The year in retrospect

The top stories of 2011

Bells will ring, candles will be lighted and champagne will be toasted and plenty of folks will wish they could forget many of the days gone by this year. Yes, the economy still sucks. Yes, politicians still have no answers. Yes, Congress is still deadlocked. But, don’t be fooled: Lots of good things happened this year, too. With the good comes the bad and, often, the sad and bittersweet. Such is life and despite the every-increasing go-go-go of the modern world, it’s healthy to stop and take a moment to think and reflect on what was. Hopefully, such meditation triggers inspiration on what can be as our local, statewide and national community continues to make brave and historic strides forward in our march of liberty, equality and justice.

Here now, qnotes’ top stories of 2011…

 

The email heard ‘round the world

Just days shy of New Year 2011, anti-gay Republican Mecklenburg County Commissioner Bill James fired off an email that sparked the ire of the local, statewide and national LGBT communities. The email, in which he called gay people “sexual predators,” became the focus of a national petition campaign through Change.org. Just over a week later more than 10,000 people had signed the petition calling upon the county commission to censure James. The censure would never come, though the board did consider a resolution on equality and respect — a document so mild and tame that James himself voted for it. James’ diarrhea of the mouth was how Charlotte’s LGBT community was welcomed into the New Year. And, as always, James never failed to disappoint, making plenty more hay throughout the year.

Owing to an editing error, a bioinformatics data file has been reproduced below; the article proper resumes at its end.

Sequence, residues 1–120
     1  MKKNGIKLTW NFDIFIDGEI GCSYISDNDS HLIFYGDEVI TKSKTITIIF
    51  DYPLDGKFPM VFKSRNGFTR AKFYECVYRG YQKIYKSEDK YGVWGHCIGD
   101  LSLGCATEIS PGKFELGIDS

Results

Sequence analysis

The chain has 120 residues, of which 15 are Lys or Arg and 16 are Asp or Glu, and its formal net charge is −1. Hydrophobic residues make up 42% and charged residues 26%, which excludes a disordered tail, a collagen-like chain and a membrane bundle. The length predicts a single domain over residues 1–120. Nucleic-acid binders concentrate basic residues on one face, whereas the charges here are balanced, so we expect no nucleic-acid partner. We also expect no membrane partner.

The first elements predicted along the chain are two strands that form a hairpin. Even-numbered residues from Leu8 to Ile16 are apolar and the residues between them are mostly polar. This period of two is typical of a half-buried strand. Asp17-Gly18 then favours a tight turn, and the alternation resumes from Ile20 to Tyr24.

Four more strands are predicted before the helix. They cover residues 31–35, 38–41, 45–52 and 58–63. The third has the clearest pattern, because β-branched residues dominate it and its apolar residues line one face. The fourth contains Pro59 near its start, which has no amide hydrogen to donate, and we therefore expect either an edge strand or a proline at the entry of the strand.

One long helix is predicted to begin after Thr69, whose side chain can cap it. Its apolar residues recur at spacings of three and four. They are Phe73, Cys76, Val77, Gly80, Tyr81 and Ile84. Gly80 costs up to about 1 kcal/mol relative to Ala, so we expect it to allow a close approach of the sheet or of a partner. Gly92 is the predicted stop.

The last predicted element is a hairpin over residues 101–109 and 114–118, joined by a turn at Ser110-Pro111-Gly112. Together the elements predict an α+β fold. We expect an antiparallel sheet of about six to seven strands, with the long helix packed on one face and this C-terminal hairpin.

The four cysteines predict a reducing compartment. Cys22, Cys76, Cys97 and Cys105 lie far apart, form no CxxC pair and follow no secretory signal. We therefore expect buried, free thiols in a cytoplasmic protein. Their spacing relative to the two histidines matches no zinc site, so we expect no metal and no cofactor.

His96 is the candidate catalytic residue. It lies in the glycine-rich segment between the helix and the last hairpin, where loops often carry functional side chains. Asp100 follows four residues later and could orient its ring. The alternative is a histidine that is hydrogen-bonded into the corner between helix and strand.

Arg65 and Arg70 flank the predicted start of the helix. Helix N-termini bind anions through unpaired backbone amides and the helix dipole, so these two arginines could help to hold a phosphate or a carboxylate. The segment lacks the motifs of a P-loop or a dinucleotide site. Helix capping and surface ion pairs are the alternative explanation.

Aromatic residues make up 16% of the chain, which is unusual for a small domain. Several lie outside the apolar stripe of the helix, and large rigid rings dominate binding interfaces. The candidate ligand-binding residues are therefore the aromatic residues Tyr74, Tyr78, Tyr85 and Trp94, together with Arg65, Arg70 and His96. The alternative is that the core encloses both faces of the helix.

Look back: goqnotes.com/9615/

 

Fresh face

Democrat Marcus Brandon embarked upon his first term in the North Carolina General Assembly. He represents a portion of Southwest Guilford County in the North Carolina House.

In January, the North Carolina General Assembly opened its new legislative session with a new member, one who made history in the state becoming our first openly gay, African-American state lawmaker. Freshman Democratic House Rep. Marcus Brandon, who represents portions of Guilford County, followed in the footsteps of the state’s first openly gay legislator, New Hanover County’s Sen. Julia Boseman. In her time in office, Boseman took courageous stands for the LGBT community. Brandon has, too. In his case, however, Brandon has faced down some of the meanest and most extreme anti-gay hatred and malice the state has ever seen, playing a crucial role in the legislative fight to keep an anti-LGBT constitutional amendment on marriage and civil unions off the ballot. For his brave leadership in the face of a Republican majority hell-bent on discrimination, Brandon was honored near year’s end as Equality North Carolina’s Legislator of the Year.